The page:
5 Tips to Help You Find Balance With Your Phone
Social media is a double edged sword; on one hand it allows us to connect with people all over the world, but on the other hand it also causes many people a lot of unnecessary stress and anxiety.
Comparing your life to the lives of your friends and "influencers" is a daunting task, especially because social platforms have an unfair advantage. Learning to develop boundaries surrounding the use of your phone is a key step towards better mental and social health.
More and more people are taking social media cleanses. This may not be possible depending on your job, but you can take a step in the right direction by integrating five simple tactics into your daily life.
Just like setting boundaries in your relationships. You need to learn to set boundaries in other aspects of your life.
Give yourself parameters for when you can be on your phone. Ideally, work is dealt with during work hours. But let's be honest, this isn't a realistic expectation if you are running your own business.
If leaving work at work isn't a reality, try to give yourself a time table. A great place to start is 7am-7pm, after that it is time to decompress or spend with your family.
If you haven't always had these boundaries, setting firm expectations with everyone is vital. Let them know upfront about the changes you are making. If you do this without informing them, they may take it personally.
You have essentially trained everyone to expect you to reply almost instantly whenever they message you. You need to retrain them. You are available during certain times, but after that you are not going to be replying.
The worst thing to see is a couple or family eating dinner and everyone is locked into their phone not talking. Using your phone as a means of escape or a bandaid for awkward social interactions will continue to put distance between yourself and those around you.
As a rule put your phone in another room when spending time with friends or family.
Even having your phone in the same room as you, can cause anxiety. You may hear the beep of your phone, or the vibration and naturally be inclined to pick it up and want to reply.
You are having to relearn how to self soothe. Just like a child is weaned off their pacifier, you are being weaned off your phone. It is not a pleasant process, there will be plenty of growing pains.
How many of you sleep with your phone right next to you? What about in the same room? According to Brandon Peters, MD, a Neurologist and sleep medicine specialist, even if your phone is on silent next to you at night, the light from your phone affects the quality of your sleep.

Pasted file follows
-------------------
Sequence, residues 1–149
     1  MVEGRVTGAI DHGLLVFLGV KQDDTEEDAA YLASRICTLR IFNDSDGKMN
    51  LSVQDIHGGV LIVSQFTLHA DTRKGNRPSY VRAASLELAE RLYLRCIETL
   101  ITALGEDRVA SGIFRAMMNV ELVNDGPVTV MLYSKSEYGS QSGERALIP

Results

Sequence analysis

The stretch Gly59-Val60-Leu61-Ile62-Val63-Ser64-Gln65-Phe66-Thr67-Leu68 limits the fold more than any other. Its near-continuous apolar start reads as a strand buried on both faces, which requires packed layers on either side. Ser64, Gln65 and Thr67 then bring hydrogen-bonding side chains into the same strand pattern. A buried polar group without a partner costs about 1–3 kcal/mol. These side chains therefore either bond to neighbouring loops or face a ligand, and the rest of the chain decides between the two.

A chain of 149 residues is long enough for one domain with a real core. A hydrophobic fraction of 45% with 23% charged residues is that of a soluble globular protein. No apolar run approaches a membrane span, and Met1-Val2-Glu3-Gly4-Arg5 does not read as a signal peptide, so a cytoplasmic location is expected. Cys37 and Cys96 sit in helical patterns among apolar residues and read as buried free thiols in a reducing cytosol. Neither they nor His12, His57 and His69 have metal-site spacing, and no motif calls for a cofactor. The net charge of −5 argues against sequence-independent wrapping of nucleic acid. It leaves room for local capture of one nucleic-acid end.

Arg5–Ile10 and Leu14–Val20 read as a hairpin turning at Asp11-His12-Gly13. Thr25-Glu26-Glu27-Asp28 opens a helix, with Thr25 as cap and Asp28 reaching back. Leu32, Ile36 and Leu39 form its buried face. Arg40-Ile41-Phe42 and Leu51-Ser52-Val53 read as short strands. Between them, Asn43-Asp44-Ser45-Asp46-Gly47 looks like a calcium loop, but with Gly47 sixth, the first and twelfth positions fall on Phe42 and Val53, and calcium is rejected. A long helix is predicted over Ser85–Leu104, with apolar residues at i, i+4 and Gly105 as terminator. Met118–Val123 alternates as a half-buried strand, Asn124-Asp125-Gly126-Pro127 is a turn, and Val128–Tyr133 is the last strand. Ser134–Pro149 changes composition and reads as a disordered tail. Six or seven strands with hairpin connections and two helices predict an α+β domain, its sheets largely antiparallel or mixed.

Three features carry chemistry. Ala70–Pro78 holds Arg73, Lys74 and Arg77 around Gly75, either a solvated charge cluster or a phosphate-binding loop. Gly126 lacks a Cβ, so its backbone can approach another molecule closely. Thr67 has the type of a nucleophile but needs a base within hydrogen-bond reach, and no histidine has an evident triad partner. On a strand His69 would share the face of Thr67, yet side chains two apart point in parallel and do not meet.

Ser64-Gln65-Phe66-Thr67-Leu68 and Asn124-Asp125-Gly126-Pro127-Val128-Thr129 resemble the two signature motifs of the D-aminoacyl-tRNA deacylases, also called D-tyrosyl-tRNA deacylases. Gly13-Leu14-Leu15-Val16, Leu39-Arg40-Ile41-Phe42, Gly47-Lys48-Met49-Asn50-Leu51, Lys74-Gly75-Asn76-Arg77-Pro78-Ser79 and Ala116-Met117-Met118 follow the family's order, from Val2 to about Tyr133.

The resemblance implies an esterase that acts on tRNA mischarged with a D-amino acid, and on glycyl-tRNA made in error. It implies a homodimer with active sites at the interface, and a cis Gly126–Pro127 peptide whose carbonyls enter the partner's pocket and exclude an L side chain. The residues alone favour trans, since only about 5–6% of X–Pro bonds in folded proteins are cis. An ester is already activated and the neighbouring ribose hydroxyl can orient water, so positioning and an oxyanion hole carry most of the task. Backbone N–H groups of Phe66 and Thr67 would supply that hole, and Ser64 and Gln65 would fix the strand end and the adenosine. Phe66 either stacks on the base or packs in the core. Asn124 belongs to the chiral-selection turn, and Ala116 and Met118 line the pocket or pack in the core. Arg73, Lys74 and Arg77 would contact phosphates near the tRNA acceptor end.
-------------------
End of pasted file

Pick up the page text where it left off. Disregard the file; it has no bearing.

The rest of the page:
You do not want to get into the habit of checking your phone during the night if you are struggling to sleep. Phones are designed to wake you up. So when you can't sleep so you grab your phone and begin scrolling through Instagram, you are not helping yourself fall back asleep, in fact you are waking yourself up more.
Put your phone in the other room.
Buy yourself an old school alarm clock if you use your phone to wake up.
External validation has become a drug. The rush of dopamine you get when you see a notification on your phone, hear a text "bing" or get another "like" on a photo is addicting.
You need to remember that your worth is found from within. How many likes a photo gets, or how quickly you reply to a message has no effect on who you are.
You do not have to justify your value to anyone. Know your worth, and how anyone responds is their decision. You have no control over their emotions or reactions.
Do things for you. Have a game-and-wine night with your friends not for the photo you can get, but for the quality time and laughter. If you are all on board put your phones away before the night begins.
FACE-TO-FACE TAKES PRECEDENCE
It is easy to get stuck at home behind a computer or phone.
You can have any conversation over text that you can in person. That being said, should you? No.
Relationships are built on a foundation of vulnerability and authenticity. You can have raw conversations over text, but that vulnerability is not really there. You are not spilling your heart to someone sitting across from you, having them see your cry-face, and you feeling ridiculous.
You can tell hard stories and give insight into your life, but actually experiencing the emotions with another person creates a bond unlike anything else. It is like eating a potato chip and pretending that it is actually a delicious pancake. Its flat and yummy, but that is about it.
Give face-to-face interactions precedence. The people you are spending time with are actually putting forth the effort to be present in your life. Those are the relationships to cherish and work hard to maintain. It shows dedication and intentionality.
It is time for a change. If you want a healthier relationships with yourself, family, friends, and coworkers, it is time to put the phone away.
When you set boundaries you are able to be more present. Begin by knowing your self-worth without having to be validated via external sources. Give your screen-time a limit, think about your routine, and implement a start and stop time.
Spend the hours you have without your phone developing deeper relationships, diving back into your creativity, and seeking knowledge through amazing books.
Peters, Brandon. “Good Night, Phone: Reasons Why You Should Not Sleep With Your Phone.” Verywell Health, 28 Oct. 2018, www.verywellhealth.com/reasons-why-you-should-not-sleep-with-your-cell-phone-4140997.
Haynes, Trevor. “Dopamine, Smartphones & You: A Battle for Your Time.” Science in the News, 30 Apr. 2018, sitn.hms.harvard.edu/flash/2018/dopamine-smartphones-battle-time/.